The latest inflation figures released on Wednesday by the bureau of statistics revealed that petrol prices have risen faster in the past year than they have for a decade and yet at the same time overall inflation remains historically low. At such a time, the government might be tempted to pursue a short-term policy to reduce petrol prices, but ideas such as that from Liberal MP Craig Kelly to cut the fuel excise should be rejected outright.

The September consumer price index growth figures showed inflation growing at just 1.9% – once again below the RBA’s 2% bottom target.

What the past few years have really shown us is the RBA does not have a 2%-3% target range – it has a 3% ceiling. Since March 2016, the RBA’s underlying inflation measure, the “trimmed mean”, has been below 2%, and yet the bank has not altered the cash rate since August of that year:

And these latest figures will do nothing to see the cash rate change.

Upon the release, the value of the Australian dollar fell marginally as the figures didn’t suggest to anyone that the RBA would be about to increase interest rates to curb inflation. And given the bank’s clear lack of concern about inflation below 2% that means we are a long way from any moves. The market is not pricing in any change in the cash rate out to March of 2020 – at which point it would be 43 months in a row with the same rate.

The biggest driver of inflation came from the tradable sector – those items whose price is mostly determined on the world market. In the past quarter the annual growth of tradable items jumped from 0.3% to 1.4%, while the growth of non-tradable items fell from 3% to 2.2%.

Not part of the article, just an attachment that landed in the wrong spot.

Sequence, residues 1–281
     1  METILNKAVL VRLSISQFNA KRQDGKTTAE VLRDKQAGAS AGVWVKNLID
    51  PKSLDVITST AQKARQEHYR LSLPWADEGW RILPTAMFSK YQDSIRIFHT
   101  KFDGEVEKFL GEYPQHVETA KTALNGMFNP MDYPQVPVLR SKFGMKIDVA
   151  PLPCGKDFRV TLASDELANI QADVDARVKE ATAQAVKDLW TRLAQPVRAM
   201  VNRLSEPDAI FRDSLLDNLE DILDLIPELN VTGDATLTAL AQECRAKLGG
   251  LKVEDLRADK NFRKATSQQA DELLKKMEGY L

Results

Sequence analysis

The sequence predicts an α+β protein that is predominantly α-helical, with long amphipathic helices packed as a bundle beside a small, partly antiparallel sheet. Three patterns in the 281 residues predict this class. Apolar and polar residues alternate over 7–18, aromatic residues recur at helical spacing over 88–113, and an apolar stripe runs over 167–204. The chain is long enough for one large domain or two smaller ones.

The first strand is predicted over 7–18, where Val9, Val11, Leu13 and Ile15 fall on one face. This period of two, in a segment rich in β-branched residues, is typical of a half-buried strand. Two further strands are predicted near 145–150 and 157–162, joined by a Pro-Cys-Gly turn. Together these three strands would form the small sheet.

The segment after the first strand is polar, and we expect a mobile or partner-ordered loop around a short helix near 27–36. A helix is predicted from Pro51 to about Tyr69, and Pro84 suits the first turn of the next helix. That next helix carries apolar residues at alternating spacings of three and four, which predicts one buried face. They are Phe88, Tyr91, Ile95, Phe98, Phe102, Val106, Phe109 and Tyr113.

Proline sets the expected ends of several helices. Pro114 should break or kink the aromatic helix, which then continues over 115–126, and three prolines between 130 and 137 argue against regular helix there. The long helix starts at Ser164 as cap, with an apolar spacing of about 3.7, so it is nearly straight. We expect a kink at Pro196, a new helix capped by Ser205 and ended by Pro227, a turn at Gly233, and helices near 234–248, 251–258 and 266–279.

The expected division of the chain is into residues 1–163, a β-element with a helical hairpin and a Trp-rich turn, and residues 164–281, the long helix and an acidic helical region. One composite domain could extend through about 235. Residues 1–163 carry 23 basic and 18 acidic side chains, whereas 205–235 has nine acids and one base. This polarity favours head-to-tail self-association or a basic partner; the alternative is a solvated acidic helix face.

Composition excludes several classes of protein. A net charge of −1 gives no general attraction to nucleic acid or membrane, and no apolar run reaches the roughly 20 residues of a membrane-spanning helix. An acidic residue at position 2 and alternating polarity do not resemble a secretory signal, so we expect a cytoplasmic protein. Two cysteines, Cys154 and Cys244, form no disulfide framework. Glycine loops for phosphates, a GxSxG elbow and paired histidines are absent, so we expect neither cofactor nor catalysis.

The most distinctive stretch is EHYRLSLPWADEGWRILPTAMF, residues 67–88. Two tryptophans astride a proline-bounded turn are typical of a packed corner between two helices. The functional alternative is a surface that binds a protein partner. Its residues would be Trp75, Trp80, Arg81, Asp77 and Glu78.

And a big reason for this is petrol prices, which have now risen by 20% over the past year –  the biggest annual growth for a decade.

And as petrol prices are always a hot-button political issue, and because an election is near and the current government is looking down the barrel of a rather sizeable election loss, naturally some of the less competent types among its ranks are screaming for something to be done.

Liberal party backbencher (and it should be said long-time climate change sceptic) Kelly suggested on Tuesday the government should reduce the fuel excise by 25% or about 10 cent a litre.

This would cost the budget around $3.5bn a year and would also cost the Liberal party any economic credibility.

Firstly, it must be acknowledged that petrol prices have been rising fast, but we should also remember that just two years ago they were falling equally so:

So why are they rising so quickly, while two years ago they were doing the reverse? It has nothing to do with the government re-introducing the indexation of the fuel excise (one of the few sensible measures Joe Hockey did in the 2014-15 horror budget, even if he completely stuffed up the selling of it) – it is all about the world oil price and the value of our dollar:

Consider that since January the average crude oil price has risen by 14% from US$66/bbl to US$75/bbl, but in Australian dollars it has risen by 27%.